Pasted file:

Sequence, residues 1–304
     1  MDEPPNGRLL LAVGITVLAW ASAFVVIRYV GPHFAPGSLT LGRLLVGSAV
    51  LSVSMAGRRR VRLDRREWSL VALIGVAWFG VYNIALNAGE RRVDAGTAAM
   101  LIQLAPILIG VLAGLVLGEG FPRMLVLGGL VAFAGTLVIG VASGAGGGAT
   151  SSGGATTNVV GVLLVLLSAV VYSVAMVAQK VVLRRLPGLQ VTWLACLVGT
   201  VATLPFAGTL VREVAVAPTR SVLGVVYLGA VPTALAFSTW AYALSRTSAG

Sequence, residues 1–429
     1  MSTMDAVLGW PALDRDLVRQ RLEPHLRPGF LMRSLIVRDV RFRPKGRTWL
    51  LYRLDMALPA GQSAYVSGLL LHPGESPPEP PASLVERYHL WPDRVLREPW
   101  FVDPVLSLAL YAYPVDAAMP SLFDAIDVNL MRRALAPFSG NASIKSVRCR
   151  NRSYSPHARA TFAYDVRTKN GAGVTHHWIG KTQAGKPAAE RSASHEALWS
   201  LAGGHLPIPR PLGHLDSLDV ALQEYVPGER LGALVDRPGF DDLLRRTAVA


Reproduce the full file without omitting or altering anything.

Sequence, residues 1–304
     1  MDEPPNGRLL LAVGITVLAW ASAFVVIRYV GPHFAPGSLT LGRLLVGSAV
    51  LSVSMAGRRR VRLDRREWSL VALIGVAWFG VYNIALNAGE RRVDAGTAAM
   101  LIQLAPILIG VLAGLVLGEG FPRMLVLGGL VAFAGTLVIG VASGAGGGAT
   151  SSGGATTNVV GVLLVLLSAV VYSVAMVAQK VVLRRLPGLQ VTWLACLVGT
   201  VATLPFAGTL VREVAVAPTR SVLGVVYLGA VPTALAFSTW AYALSRTSAG

Sequence, residues 1–429
     1  MSTMDAVLGW PALDRDLVRQ RLEPHLRPGF LMRSLIVRDV RFRPKGRTWL
    51  LYRLDMALPA GQSAYVSGLL LHPGESPPEP PASLVERYHL WPDRVLREPW
   101  FVDPVLSLAL YAYPVDAAMP SLFDAIDVNL MRRALAPFSG NASIKSVRCR
   151  NRSYSPHARA TFAYDVRTKN GAGVTHHWIG KTQAGKPAAE RSASHEALWS
   201  LAGGHLPIPR PLGHLDSLDV ALQEYVPGER LGALVDRPGF DDLLRRTAVA